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Finally getting a chance to continue the series… with Croatia! I’m really excited about our trip. I’ve heard how beautiful Croatia is and am very excited to see it’s amazing coastline.
Croatia has an amazing selection of Roman ruins. Pula has one of the best preserved amphitheaters in the world. The coastline supplies amazing beaches and resorts, such as Brijuni, which was once Tito‘s summer residence. The lakes are amazing with distinct colors caused by rich minerals. Croatian towns and cities are enriched with Renaissance castles and cathedrals displaying a rich and historic culture of art.
So what is there to do in Croatia for the touring scientist?
The main city for museums is Zagreb, which is also the capital. Croatia is rich in cultural and art museums and sites. But I will try to focus on the science related tourist spots.
Archaeological Museum of Zagreb
The museum was opened to the public in 1846 as a part of the National Museum. Since 1945, it has been located in the palace at Zrinski Square that was once owned by Baron Dragutin Vranyczany. With more than 400,000 items, most of which originate from different regions in Croatia. A significant number also originate from neighbouring countries as well as other areas of the Mediterranean. The Roman city of Andautonia (Andautonia, 1st – 4th centuries AD) once stood at the site of the present village of Ščitarjevo near Velika Gorica. The remains of the city attest to the almost two thousand year old tradition of urban life in the wider area of Zagreb. Excavations of Andautonia have been going on since 1981; an archaeological park was opened at the site in 1994. Visitors can see the preserved parts of the city: part of the main street paved with stone slabs, the public baths, the remains of two buildings, etc. The remains of a cemetery have been discovered under these buildings. In the museum courtyard – which is an archaeological park in its own right – there is a Lapidarium. Hundreds of Roman stone monuments are on display there – sculptures, reliefs, inscriptions, and other similar objects, most of which are diff erent types of gravestones, sarcophagi, stelae, and altars. Since 1870 the museum has been publishing the scholarly Journal of the Archaeological Museum in Zagreb.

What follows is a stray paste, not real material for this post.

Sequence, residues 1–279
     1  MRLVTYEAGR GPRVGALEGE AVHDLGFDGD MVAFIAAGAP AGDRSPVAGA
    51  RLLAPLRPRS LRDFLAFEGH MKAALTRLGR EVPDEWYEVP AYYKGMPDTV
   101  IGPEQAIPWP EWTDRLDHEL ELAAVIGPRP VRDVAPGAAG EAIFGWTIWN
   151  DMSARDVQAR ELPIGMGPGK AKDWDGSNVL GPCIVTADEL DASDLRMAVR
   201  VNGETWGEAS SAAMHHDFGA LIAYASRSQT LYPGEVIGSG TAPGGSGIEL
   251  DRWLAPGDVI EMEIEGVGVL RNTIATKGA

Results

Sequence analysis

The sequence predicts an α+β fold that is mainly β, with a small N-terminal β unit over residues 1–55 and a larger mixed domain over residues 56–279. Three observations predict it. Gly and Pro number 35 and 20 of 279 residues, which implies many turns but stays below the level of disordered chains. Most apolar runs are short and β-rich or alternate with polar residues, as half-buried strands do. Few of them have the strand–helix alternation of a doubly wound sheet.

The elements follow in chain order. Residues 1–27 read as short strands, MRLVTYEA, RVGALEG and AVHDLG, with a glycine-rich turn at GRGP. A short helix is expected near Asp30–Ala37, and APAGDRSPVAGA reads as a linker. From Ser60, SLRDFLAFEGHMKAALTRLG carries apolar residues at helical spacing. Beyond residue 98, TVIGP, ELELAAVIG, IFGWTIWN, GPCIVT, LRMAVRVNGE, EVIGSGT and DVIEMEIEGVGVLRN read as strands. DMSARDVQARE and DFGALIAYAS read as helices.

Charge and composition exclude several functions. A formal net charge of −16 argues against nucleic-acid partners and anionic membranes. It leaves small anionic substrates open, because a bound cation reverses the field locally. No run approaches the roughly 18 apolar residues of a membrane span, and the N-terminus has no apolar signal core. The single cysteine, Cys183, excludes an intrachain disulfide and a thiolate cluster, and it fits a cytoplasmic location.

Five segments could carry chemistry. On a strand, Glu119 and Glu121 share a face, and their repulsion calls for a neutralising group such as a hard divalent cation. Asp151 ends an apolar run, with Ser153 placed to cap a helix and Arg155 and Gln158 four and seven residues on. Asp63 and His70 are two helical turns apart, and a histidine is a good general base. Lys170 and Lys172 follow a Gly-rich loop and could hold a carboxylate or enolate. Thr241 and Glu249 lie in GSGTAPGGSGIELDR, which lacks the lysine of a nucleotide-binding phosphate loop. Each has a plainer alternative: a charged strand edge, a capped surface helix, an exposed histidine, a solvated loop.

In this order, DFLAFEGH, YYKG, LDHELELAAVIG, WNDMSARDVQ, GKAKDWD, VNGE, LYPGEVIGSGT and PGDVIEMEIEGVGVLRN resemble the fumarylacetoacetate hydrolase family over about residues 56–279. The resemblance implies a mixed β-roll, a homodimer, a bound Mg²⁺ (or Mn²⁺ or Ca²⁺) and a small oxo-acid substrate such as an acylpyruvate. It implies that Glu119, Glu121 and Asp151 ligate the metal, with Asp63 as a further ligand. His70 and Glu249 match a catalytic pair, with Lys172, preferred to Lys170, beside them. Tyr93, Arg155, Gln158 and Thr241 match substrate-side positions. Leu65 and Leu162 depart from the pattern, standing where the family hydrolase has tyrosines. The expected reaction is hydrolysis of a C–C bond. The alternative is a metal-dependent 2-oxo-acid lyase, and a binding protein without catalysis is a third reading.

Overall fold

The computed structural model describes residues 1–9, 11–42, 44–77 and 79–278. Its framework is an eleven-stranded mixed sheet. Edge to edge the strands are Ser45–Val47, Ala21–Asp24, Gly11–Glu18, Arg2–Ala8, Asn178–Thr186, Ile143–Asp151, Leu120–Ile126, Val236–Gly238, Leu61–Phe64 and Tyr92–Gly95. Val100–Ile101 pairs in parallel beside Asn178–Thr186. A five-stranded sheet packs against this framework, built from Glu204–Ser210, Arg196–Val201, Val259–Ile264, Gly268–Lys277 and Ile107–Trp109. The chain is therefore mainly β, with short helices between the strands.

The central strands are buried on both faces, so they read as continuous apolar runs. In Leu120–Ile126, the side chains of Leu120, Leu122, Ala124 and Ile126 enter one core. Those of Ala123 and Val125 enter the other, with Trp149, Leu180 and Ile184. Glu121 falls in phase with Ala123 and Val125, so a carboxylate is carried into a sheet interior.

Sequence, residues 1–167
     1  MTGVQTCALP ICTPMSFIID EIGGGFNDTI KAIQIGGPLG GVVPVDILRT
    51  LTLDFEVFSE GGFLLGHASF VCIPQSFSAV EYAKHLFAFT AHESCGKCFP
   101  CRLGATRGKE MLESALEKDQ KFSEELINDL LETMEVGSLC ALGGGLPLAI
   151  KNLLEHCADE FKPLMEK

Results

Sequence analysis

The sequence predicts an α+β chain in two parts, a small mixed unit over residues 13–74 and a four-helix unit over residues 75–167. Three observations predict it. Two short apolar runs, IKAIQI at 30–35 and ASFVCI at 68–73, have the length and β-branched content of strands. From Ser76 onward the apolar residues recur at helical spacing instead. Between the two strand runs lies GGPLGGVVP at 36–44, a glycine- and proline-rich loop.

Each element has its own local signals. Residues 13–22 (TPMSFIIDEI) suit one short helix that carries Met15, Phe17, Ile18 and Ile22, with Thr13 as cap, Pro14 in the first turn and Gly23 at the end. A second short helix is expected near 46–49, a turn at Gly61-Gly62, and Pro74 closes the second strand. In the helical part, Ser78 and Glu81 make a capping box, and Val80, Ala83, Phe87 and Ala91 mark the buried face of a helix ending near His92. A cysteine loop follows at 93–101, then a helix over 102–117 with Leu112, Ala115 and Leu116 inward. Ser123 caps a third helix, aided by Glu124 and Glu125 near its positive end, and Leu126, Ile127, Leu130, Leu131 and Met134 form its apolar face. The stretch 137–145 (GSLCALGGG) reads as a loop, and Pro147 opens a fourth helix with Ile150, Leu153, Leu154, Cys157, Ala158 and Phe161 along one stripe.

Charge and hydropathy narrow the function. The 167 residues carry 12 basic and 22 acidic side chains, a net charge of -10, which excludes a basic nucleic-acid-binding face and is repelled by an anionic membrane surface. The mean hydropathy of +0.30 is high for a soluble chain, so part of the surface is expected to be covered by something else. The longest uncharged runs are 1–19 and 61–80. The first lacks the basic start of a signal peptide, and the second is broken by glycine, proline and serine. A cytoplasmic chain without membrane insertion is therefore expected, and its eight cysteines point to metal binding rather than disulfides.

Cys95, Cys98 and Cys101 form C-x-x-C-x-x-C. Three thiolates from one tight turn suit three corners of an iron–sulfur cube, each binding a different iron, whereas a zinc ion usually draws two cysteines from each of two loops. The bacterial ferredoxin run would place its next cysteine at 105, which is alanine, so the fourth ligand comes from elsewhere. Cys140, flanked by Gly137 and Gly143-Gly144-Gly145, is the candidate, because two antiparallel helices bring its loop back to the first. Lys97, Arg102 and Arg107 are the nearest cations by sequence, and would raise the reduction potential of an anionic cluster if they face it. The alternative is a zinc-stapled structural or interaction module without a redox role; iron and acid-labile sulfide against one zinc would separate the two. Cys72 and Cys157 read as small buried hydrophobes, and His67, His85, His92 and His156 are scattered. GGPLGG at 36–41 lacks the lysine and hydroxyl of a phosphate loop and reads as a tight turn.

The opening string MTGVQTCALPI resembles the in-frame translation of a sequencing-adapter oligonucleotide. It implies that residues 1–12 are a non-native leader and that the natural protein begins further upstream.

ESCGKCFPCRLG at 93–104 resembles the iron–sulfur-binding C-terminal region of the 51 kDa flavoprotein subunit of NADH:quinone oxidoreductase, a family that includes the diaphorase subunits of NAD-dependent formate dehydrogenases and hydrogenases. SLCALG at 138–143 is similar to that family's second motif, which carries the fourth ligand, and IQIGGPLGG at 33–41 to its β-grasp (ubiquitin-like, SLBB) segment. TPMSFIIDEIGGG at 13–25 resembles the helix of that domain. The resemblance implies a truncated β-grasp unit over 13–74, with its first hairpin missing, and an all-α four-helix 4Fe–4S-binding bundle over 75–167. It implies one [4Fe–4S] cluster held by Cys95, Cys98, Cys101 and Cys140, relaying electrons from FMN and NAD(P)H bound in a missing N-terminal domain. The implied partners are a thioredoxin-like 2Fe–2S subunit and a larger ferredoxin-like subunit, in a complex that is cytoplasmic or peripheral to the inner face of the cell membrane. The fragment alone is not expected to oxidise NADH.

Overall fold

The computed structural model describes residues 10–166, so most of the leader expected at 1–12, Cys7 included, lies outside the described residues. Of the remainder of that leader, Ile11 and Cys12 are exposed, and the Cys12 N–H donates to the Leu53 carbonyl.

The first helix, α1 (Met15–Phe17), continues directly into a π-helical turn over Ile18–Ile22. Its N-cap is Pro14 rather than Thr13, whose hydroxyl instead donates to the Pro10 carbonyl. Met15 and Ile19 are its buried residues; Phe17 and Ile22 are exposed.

Croatian Natural History Museum
he Croatian Natural History Museum holds one of the world’s most important collection of Neanderthal remains found at one site. These are the remains, stone weapons and tools of prehistoric man. The holdings of the Croatian Natural History Museum comprise more than 250,000 specimens distributed among various different collections. Taxidermy dominates and some of it is larger than a jar can hold – spiders, bugs, lions, vultures, rocks and much more. Children love this place especially, for it has all the creatures of the wild in it, only these aren’t capable of dismembering passers-by.
Marco Polo Tower
It is believed to be house in which Marco Polo, the famous world traveller and writer was born. It’s recently bought by Korcula’s Town Authority which is currently planning to reconstruct and redone it in Museum of Marco Polo. At the present, just the part of the house is opened for visitors to have a look around, climb narrow stairs and enter to the Loggia that has great views over Korcula Old town’s roofs.
Tolkien’s House – bar
This is a bar/cafe, not a museum. Also, it’s not really Tolkien’s house… but we are all nerds here. This most unusual bar is just up the street from Lotrščak Tower. It’s decorated in the style of Tolkien’s famous books and has a cosy enclosed terrace where you can drink the best hot chocolate in Zagreb.
Museum of Broken Relationships